Technology titan Elon Musk recently announced that Tesla electric car owners might soon be able to stream YouTube and Netflix content through the touch screen displays in their vehicles.
The Tesla CEO announced through a tweet this past weekend, revealing that content streaming might be added to the list of features available in Tesla vehicles. Musk did not give an exact timeline but he did point out that the feature might be rolled out in August or the coming months. Netflix and YouTube are currently the most popular content streaming platforms and it, therefore, makes sense that they are the first streaming services to grace Tesla screens.
Elon previously confirmed that content streaming would be part of the updates included in Version 10 of the Tesla in-car software. However, the CEO’s tweet this weekend was the first time that he confirmed that Netflix and YouTube will be available. As far as safety is concerned, Musk noted that the streaming services will only be available in Tesla cars when the vehicles are stationary.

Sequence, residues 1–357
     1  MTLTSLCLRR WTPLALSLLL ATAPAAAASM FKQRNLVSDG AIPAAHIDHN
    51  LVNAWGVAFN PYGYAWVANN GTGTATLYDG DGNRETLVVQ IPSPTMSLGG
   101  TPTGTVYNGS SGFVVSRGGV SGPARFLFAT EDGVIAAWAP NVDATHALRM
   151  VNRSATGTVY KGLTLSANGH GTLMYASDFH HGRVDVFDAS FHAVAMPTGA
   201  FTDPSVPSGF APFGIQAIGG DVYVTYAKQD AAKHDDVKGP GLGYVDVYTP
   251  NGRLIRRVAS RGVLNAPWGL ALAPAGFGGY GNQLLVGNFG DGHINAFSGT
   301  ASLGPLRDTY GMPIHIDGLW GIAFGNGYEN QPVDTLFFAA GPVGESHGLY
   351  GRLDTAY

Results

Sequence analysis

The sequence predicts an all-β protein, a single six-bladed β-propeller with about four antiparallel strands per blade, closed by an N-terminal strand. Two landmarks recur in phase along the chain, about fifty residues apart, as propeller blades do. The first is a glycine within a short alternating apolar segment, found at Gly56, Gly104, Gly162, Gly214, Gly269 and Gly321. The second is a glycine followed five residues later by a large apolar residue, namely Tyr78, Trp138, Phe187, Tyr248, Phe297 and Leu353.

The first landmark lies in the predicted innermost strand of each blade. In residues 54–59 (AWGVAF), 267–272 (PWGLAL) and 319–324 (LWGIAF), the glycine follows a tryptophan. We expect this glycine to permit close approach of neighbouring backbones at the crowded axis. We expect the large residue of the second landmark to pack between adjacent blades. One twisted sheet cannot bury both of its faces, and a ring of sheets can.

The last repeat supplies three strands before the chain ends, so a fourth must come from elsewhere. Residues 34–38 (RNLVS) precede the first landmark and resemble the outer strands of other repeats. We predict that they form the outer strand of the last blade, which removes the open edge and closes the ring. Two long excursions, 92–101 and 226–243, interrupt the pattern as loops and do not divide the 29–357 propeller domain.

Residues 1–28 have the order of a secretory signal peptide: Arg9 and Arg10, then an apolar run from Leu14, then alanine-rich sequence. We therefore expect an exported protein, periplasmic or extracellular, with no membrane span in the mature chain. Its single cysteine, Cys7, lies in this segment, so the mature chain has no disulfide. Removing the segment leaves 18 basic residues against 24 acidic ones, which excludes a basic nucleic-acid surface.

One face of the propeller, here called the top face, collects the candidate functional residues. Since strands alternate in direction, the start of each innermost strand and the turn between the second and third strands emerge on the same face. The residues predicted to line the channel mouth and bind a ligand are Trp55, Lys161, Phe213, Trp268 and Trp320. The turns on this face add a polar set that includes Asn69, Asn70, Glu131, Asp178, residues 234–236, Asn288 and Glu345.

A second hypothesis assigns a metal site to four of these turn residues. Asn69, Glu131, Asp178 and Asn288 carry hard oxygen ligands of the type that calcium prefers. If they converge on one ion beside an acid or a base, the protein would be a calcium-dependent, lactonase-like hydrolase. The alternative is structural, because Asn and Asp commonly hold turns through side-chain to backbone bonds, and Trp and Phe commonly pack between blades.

Bringing back drive-in movie experiences with modern twists
Musk also noted that content streaming through Tesla vehicle screens will likely be made available at all times even in motion once full autonomy is achieved. The electric car manufacturer already offers in-car gaming which is disabled when the vehicle is in motion.
Musk likened the experience of watching YouTube or Netflix content through Tesla car screens to drive-in films. He, however, noted that offering all that in Tesla cars will deliver a better experience because the vehicles offer superior sound quality and an overall better experience compared to drive-ins years ago.
Tesla cars have some of the biggest infotainment screens in the vehicle industry. Musk and his company believe that offering access to streaming services via the screens will allow users to utilize the technology available in their vehicles.
Experts, however, believe that it might take a while longer before content streaming becomes permanently available especially with the slow pace of autonomous technology as far as regulation is concerned. Regulators believe that self-driving technology is currently not ready to go mainstream.